Almost a year ago (my Independence Day is 9 August), I stopped working and started writing this daily blog on happiness and learning. I wanted to test my definition of myself. I asked close friends to suggest challenges. There were lots of ideas from baby sitting, massage, and coding to domestication and marathon running. I agreed to do a Marathon as one challenge. While raising money for Movember, I asked John McInroy, a crazy chap I had met at a wedding if he would donate. He said he would grow a moustache, but he was focusing his efforts on the Unogwaja Challenge. I checked it out, liked what I saw, and made a donation. A month later I was in Cape Town and John and I had a day of philosophising about the world's problems and how we could help. Then we played Ping Pong.
He recommended 'Born to Run'. It flipped my thinking on running on its head and between John's enthusiasm, my new focus on happiness and learning, and what it stood for, I decided Unogwaja was for me. I now have time. I also know that what I was doing when I was young was congratulating myself for trying. Trying is not enough. As Yoda says, 'Do or Do Not, there is no Try'. Heart is what matters. Heart and time.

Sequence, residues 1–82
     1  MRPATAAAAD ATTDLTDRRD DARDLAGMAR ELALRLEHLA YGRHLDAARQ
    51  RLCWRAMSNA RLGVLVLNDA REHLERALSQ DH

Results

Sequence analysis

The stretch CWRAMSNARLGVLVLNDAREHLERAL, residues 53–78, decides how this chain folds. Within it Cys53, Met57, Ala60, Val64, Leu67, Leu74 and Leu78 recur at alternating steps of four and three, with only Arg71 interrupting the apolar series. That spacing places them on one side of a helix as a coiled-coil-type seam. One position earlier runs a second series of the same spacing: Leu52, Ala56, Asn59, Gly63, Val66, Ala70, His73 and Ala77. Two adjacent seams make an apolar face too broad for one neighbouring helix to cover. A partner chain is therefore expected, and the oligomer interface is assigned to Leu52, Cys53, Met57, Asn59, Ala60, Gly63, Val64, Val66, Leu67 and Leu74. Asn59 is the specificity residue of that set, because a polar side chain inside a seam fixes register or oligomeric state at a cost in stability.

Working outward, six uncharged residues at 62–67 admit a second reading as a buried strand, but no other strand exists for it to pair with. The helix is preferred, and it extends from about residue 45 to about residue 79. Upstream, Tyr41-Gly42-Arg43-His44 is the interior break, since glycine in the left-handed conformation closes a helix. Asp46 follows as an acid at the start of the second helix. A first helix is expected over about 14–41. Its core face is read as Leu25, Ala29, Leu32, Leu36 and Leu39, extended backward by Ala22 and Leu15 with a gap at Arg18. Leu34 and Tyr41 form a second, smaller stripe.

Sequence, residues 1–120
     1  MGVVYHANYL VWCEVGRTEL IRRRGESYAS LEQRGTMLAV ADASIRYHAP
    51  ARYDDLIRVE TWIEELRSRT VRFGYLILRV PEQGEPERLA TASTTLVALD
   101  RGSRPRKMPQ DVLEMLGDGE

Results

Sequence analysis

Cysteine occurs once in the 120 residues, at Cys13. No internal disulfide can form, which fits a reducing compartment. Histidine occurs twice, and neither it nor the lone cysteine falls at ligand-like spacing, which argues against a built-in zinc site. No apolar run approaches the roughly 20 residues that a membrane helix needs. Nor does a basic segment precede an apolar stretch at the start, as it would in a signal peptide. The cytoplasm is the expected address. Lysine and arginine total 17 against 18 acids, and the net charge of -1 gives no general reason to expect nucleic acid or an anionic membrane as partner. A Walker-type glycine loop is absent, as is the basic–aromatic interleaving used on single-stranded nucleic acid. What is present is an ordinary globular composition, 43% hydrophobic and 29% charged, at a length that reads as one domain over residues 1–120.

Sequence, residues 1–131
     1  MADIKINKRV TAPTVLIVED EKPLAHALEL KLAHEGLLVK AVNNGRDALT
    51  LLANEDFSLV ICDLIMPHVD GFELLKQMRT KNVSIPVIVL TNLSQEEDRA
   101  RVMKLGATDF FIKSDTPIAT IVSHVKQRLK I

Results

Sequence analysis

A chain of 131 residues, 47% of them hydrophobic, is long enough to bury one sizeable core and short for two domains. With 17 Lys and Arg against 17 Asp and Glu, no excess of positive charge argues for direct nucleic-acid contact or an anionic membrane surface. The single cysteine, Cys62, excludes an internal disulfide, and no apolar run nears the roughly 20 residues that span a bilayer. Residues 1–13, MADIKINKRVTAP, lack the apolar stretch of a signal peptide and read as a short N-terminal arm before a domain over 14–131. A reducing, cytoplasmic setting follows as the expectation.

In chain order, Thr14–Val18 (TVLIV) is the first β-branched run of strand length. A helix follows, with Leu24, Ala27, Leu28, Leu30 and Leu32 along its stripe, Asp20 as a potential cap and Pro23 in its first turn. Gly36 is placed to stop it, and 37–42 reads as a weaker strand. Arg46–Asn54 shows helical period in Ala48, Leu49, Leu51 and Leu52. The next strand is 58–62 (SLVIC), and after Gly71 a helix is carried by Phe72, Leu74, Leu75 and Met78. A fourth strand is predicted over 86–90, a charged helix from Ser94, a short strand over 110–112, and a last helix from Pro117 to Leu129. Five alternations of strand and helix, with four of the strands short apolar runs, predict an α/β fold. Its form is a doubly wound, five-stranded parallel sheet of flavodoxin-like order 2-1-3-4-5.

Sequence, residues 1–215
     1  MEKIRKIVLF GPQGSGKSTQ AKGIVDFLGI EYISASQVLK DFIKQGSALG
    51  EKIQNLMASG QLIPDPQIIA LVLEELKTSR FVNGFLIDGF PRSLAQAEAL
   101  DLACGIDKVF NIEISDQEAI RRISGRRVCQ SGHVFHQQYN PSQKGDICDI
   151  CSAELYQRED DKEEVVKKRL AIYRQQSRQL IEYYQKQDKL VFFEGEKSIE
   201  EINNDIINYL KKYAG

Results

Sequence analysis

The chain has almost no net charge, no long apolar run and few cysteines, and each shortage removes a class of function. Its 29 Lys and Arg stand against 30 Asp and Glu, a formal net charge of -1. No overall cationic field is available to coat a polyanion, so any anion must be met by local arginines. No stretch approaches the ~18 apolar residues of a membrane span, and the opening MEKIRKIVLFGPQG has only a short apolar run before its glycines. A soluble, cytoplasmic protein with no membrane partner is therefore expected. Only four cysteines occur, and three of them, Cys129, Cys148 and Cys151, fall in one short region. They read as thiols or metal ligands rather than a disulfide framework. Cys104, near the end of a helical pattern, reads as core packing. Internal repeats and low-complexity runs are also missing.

I have both. I am applying for the Unogwaja for next year. My story may be that my first Comrades marathon comes after cycling 170km a day for 10 days. Perhaps I will be in the support crew for the others. One day, I will cross the finish line of the Comrades. The run and the cycle are not however the important part of Unogwaja. Unogwaja is also not a charity.
The important part of Unogwaja is taking the next step. The important part is growing into your feet and into your head. The important part is using your full potential. I now call my friend Testosterone Man. His growth spurt came in his 20s. He used to be confused for a 12 year old when he was 17. He is now 6 foot tall and sees the world with new eyes. Not because of his height or feet, but because of the effort he has put into achieving his dreams.
My friend is a champion. He doesn't just try. He takes the next step.